SV-20042r2_rule NET-IDPS-030 CCI-000366 MEDIUM If an automated scheduler is used to provide updates to the sensors, an account on the file server must be defined that will provide access to the signatures only to the sensors. In a large scale IDPS deployment, it is common to have an automated update process implemented. This is accomplished by having the updates downloaded on a dedicated secure file server within the management network. The file server should be configured to allow read-only access to the files within the directory on which the signature packs are placed, and then only from the account that the sensors will use. The sensors can then be configured to automatically check the secure file server periodically to look for the new signature packs and to update themselves.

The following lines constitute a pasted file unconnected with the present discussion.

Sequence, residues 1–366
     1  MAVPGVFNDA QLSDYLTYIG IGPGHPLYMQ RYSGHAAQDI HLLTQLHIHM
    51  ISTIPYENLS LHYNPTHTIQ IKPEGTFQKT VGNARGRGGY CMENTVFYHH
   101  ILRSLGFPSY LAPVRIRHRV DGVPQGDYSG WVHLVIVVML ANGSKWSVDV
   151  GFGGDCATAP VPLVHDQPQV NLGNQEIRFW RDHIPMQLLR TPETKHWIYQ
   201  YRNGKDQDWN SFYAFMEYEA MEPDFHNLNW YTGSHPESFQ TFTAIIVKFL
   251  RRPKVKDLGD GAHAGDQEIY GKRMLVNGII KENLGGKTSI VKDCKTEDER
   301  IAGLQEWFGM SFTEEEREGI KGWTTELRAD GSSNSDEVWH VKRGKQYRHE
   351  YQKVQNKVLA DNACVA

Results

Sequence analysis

SV-20045r2_rule NET-IDPS-031 CCI-000366 LOW The Intrusion Detection and Prevention System (IDPS) configuration must be backed up before applying software or signature updates, or when making changes to the configuration. There are two types of IDPS updates: software updates and signature updates. Software updates fix bugs in the IDPS software or add new functionality, while signature updates add new detection capabilities or refine existing detection capabilities (e.g., reducing false positives). For many IDPSs, signature updates cause program code to be altered or replaced, so they are really a specialized form of software update. For other IDPSs, signatures are not written in code, so a signature update is a change to the configuration data for the IDPS. Software updates can include any or all IDPS components, including sensors, agents, management servers, and consoles. Software updates for sensors and management servers, particularly appliance-based devices, are often applied by replacing an existing IDPS CD with a new one and rebooting the device. Many IDPSs run the software directly from the CD, so that no software installation is required. Other components, such as agents, require an administrator to install software or apply patches, either manually on each host or automatically through IDPS management software. Some vendors make software and signature updates available for download from their Web sites or other servers; often, the administrator interfaces for IDPSs have features for downloading and installing such updates. Administrators should verify the integrity of updates before applying them, because updates could have been inadvertently or intentionally altered or replaced. The recommended verification method depends on the update’s format, as follows: Files downloaded from a Web site or FTP site. Administrators should compare file checksums provided by the vendor with checksums that they compute for the downloaded files. Update downloaded automatically through the IDPS user interface. If an update is downloaded as a single file or a set of files, either checksums provided by the vendor should be compared to checksums generated by the administrator, or the IDPS user interface itself should perform some sort of integrity check. In some cases, updates might be downloaded and installed as one action, precluding checksum verification; the IDPS user interface should check each update’s integrity as part of this. Removable media (e.g., CD, DVD). Vendors may not provide a specific method for customers to verify the legitimacy of removable media apparently sent by the vendors. If media verification is a concern, administrators should contact their vendors to determine how the media can be verified, such as comparing vendor-provided checksums to checksums computed for files on the media, or verifying digital signatures on the media’s contents to ensure they are valid. Administrators should also consider scanning the media for malware, with the caveat that false positives might be triggered by IDPS signatures for malware on the media.